print(patches.shape)
        #self.pca = RandomizedPCA(whiten=True)
        #self.pca.fit(patches)
        return self
    
    def transform(self, X, Y=None):
        return np.array([self._extract_patches(rgb2gray(x)) for x in X])
        #return np.array([self.pca.transform(self._extract_patches(rgb2gray(x))) for x in X])

The next step is taking a collection of patches and creating a histogram of patch types.

Patch types are automatically discovered during training via KMeans clustering. For feature transformation of a single image, each patch is assigned to its nearest cluster and the feature vector of an image is the number of patches from each type (a histogram).

In [9]:
from sklearn.cluster import KMeans
class Codebook(sklearn.base.BaseEstimator):
    def __init__(self, size=10):
        self.size = size
        self.clusterer = KMeans(n_clusters=size)
    
    def _get_histogram(self, x):
        """ Returns histogram of codewords for given features """
        # Alternative method: return distance of each patch to cluster centers
        # return self.clusterer.transform(x).ravel()
        
        # Assign each patch to a cluster
        clusters = self.clusterer.predict(x)
        
        # Get the number of each patch type
        return np.bincount(clusters, minlength=self.size)
    
    def fit(self, X, Y=None):
        # print("Fitting clusterer")
        self.clusterer.fit(np.concatenate(X))
        return self
        
    def transform(self, X, Y=None):
        return np.array([self._get_histogram(x) for x in X])

Let's put those together in a Pipeline

In [10]:
X, Y = get_classes([1, 3, 5, 7, 9], 100)
patcher = PatchExtractor(patch_size=(8, 8))
codebook = Codebook(size=50)
clf = svm.SVC(kernel='linear')
pipeline = Pipeline([("Patch_extractor", patcher), ("Codebook", codebook), ("svm", clf)])
score(pipeline, X, Y, 2, verbose=True)
(4000, 64)
Fold 1: 0.304
(4000, 64)
Fold 2: 0.328
Out[10]:
0.316

Heads up: This takes a really long time to run

We end up getting about a 30% accuracy across 10 classes, which is significantly better than chance but can definitely be improved.

In [14]:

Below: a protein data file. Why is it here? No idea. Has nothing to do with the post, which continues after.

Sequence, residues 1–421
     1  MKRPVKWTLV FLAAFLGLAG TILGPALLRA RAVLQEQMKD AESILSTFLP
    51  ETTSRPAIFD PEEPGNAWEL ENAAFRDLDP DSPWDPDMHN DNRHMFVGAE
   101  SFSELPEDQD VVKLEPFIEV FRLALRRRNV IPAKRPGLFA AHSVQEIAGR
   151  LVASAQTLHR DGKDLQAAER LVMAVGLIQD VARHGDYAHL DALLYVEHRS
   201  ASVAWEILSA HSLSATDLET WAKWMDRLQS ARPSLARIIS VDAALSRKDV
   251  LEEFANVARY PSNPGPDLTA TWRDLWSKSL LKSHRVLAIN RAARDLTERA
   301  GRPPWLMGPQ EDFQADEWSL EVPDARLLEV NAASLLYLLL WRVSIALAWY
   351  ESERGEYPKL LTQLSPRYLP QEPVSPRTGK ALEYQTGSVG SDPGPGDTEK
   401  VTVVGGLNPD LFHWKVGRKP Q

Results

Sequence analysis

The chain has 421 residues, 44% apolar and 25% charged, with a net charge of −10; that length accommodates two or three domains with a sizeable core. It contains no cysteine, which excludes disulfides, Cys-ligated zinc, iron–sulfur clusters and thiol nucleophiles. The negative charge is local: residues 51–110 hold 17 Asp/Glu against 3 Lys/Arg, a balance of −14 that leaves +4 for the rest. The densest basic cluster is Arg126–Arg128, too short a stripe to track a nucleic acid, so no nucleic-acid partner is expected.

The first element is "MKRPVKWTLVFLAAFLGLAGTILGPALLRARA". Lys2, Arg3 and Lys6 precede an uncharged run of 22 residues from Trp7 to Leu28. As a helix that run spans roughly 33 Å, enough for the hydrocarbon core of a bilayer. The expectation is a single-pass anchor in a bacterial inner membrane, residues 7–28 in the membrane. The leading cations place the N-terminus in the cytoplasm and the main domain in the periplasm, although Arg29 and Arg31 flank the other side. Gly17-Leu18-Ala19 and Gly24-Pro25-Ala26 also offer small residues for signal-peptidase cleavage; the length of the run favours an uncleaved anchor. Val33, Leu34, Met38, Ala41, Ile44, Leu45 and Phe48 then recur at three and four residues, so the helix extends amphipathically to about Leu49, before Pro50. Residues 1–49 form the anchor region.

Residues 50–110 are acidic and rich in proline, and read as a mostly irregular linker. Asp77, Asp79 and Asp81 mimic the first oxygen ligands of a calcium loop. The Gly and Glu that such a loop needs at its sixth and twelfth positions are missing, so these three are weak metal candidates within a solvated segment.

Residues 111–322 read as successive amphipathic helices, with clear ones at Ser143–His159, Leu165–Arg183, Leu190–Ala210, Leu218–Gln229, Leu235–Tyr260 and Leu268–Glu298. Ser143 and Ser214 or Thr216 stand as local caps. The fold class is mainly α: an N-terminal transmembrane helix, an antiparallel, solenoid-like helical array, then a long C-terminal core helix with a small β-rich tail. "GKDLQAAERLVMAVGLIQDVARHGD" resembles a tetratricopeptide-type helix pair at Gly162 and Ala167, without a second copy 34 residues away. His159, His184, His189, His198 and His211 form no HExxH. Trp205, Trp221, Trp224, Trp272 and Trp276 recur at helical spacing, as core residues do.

X, Y = get_classes([0, 1, 2, 3, 4, 5, 6, 7, 8, 9], 900)
patcher = PatchExtractor(patch_size=(8, 8))
codebook = Codebook(size=50)
clf = svm.SVC(kernel='linear')
pipeline = Pipeline([("Patch_extractor", patcher), ("Codebook", codebook), ("svm", clf)])
score(pipeline, X, Y, 2, verbose=True)
(72000, 64)
Fold 1: 0.316444444444
(72000, 64)
Fold 2: 0.313777777778
Out[14]:
0.31511111111111112
In [15]:
# You end up with edge like features
show_patches(codebook.clusterer.cluster_centers_)

If you wanted to try different codebook sizes, GridSearchCV is a good approach:

X, Y = get_classes([5, 7], 100)
from sklearn.grid_search import GridSearchCV
param_grid = [
  {'Codebook__size': [3, 10]},
 ]
grid_search = GridSearchCV(pipeline, param_grid, scoring=score)
grid_search.fit(X, Y)

Now let's compare this to a simple RGB color based approach

While this may be useful on some datasets with characteristic colors per category, that doesn't appear to be the case with CIFAR. We end up doing worse than chance.

In [16]:
class RGBFeature(sklearn.base.BaseEstimator):
    """ Maps an image to its RGB color averages """
    def fit(self, X, Y=None):
        return self
    def transform(self, X, Y=None):
        # Get average of each color channel
        return np.array([[np.average(X[:, :, i]) for i in range(3)] for x in X])
In [24]:
X, Y = get_classes([1, 3, 5, 7, 9], 500)
rgb = RGBFeature()
clf = svm.SVC(kernel='linear')
pipeline = Pipeline([("RGB Average", rgb), ("svm", clf)])
score(pipeline, X, Y, 5, verbose=True)
Fold 1: 0.164
Fold 2: 0.168
Fold 3: 0.18
Fold 4: 0.16
Fold 5: 0.178
Out[24]:
0.17000000000000001